Prolonged zona glomerulosa insufficiency causing hyperkalemia in primary aldosteronism following adrenalectomy
E. Fischer, A. Pallauf, C. Degenhart, F. Beuschlein, M. Bidlingmaier, U. Linsenmaier, T. Mussack, R. Ladurner, K. Hallfeldt & M. Reincke
Context: Unilateral adrenalectomy is the therapy of first choice in aldosterone producing adenoma (APA). Improvement of blood pressure (BP) and hypokalemia is achieved in the majority of patients. Because of hypoaldosteronism, hyperkalemia can develop in the postoperative course. Our aim was to analyze the frequency of hyperkalemia, to determine the cause of hypoaldosteronism and to assess the influence of preoperative mineralocorticoid antagonist (MRA) therapy at our center.
Patients: We analyzed retrospectively data from 69 patients with APA after adrenalectomy. Hyperkalemia was defined as potassium >5.0 mmol/L. Patients were seen at the out-patient clinic. BP, aldosterone, renin, serum potassium, creatinine, microalbuminuria and the number of antihypertensive medications were recorded. Dosage and duration of preoperative treatment with MRA were assessed.
Results: We observed postoperative hyperkalemia in 16 patients (23.2%). In 12 of these patients, hyperkalemia was mild without need for further treatment. In 4 patients, the hyperkalemia persisted for 15, 13, 11 and 10 months. The maximum serum potassium observed was 7.1 mmol/L. These patients needed dietary advice, treatment with fludrocortisone (0.10.3 μg/day), forced diuresis and bicarbonate administration. They suffered from secondary hypoaldosteronism as plasma renin concentrations remained postoperatively suppressed. In univariate analysis, postoperative hyperkalemia was significantly associated with higher age at diagnosis (57.5+3.2 vs. 49.7+1.5 years, P=0.021) and with a worse renal function postoperatively (creatinine 1.29+0.11 vs. 0.98+0.04 mg/dl, P=0.025). Although 49 patients received spironolactone in a dose of 51.6+3.0 mg (treatment time 2.3+0.3 months) and 5 patients eplerenone in a dose of 30.0+5 mg (5.0+3.3 months) prior surgery, this did not have a significant impact on postoperative hyperkalemia.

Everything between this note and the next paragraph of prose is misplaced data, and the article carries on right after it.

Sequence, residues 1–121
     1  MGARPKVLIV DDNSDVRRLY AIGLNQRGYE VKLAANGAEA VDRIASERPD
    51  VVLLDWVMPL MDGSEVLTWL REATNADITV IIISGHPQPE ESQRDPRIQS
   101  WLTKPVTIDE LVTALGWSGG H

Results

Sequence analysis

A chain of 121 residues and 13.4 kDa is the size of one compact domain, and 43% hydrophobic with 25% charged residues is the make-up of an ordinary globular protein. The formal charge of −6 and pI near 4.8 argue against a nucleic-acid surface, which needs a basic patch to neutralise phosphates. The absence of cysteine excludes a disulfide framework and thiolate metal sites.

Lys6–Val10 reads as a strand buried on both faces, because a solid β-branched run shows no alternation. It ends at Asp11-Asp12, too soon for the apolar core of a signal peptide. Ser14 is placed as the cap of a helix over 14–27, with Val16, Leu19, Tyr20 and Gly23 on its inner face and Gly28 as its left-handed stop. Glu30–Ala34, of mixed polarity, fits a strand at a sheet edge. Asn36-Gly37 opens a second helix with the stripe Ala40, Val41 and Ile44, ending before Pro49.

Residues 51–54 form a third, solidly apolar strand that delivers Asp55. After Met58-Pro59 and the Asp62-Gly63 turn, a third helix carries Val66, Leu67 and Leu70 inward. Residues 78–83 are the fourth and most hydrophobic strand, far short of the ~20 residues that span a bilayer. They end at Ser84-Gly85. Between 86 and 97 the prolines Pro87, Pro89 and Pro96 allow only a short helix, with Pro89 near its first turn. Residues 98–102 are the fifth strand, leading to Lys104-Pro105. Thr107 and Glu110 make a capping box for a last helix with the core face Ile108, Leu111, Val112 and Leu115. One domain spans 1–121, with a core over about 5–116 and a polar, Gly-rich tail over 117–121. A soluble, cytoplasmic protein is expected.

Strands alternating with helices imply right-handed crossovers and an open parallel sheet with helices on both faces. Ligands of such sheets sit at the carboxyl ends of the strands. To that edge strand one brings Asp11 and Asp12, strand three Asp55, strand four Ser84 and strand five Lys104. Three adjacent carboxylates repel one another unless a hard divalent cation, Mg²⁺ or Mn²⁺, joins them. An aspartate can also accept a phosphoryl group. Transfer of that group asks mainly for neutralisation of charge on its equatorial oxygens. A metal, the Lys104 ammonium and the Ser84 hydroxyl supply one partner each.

Conclusion: Clinically meaningful postoperative hyperkalemia occurs in 5.8% of adrenalectomized PA patients, caused by prolonged secondary zona glomerulosa insufficiency. Potassium levels after adrenalectomy must be monitored to avoid life-threatening hyperkalemia. Pre-treatment with MRA does not appear to be effective in preventing hyperkalemia.
Declaration of interest: The authors declare that there is no conflict of interest that could be perceived as prejudicing the impartiality of the research project.
Funding: This work was supported, however funding details unavailable.